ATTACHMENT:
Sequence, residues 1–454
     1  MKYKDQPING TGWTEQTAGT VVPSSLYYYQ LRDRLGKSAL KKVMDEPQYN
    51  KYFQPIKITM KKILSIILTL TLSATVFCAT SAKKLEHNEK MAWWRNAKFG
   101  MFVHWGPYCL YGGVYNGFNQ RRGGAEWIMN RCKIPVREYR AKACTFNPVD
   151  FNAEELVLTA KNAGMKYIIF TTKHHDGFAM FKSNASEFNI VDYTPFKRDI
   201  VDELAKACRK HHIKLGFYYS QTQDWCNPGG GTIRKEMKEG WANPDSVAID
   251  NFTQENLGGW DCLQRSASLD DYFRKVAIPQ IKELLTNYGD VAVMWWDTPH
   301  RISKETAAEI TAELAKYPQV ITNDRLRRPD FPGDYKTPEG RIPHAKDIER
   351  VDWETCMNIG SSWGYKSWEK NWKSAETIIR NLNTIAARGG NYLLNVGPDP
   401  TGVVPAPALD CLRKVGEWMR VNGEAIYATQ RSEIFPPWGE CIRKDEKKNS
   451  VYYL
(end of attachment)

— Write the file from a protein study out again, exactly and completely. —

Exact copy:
Sequence, residues 1–454
     1  MKYKDQPING TGWTEQTAGT VVPSSLYYYQ LRDRLGKSAL KKVMDEPQYN
    51  KYFQPIKITM KKILSIILTL TLSATVFCAT SAKKLEHNEK MAWWRNAKFG
   101  MFVHWGPYCL YGGVYNGFNQ RRGGAEWIMN RCKIPVREYR AKACTFNPVD
   151  FNAEELVLTA KNAGMKYIIF TTKHHDGFAM FKSNASEFNI VDYTPFKRDI
   201  VDELAKACRK HHIKLGFYYS QTQDWCNPGG GTIRKEMKEG WANPDSVAID
   251  NFTQENLGGW DCLQRSASLD DYFRKVAIPQ IKELLTNYGD VAVMWWDTPH
   301  RISKETAAEI TAELAKYPQV ITNDRLRRPD FPGDYKTPEG RIPHAKDIER
   351  VDWETCMNIG SSWGYKSWEK NWKSAETIIR NLNTIAARGG NYLLNVGPDP
   401  TGVVPAPALD CLRKVGEWMR VNGEAIYATQ RSEIFPPWGE CIRKDEKKNS
   451  VYYL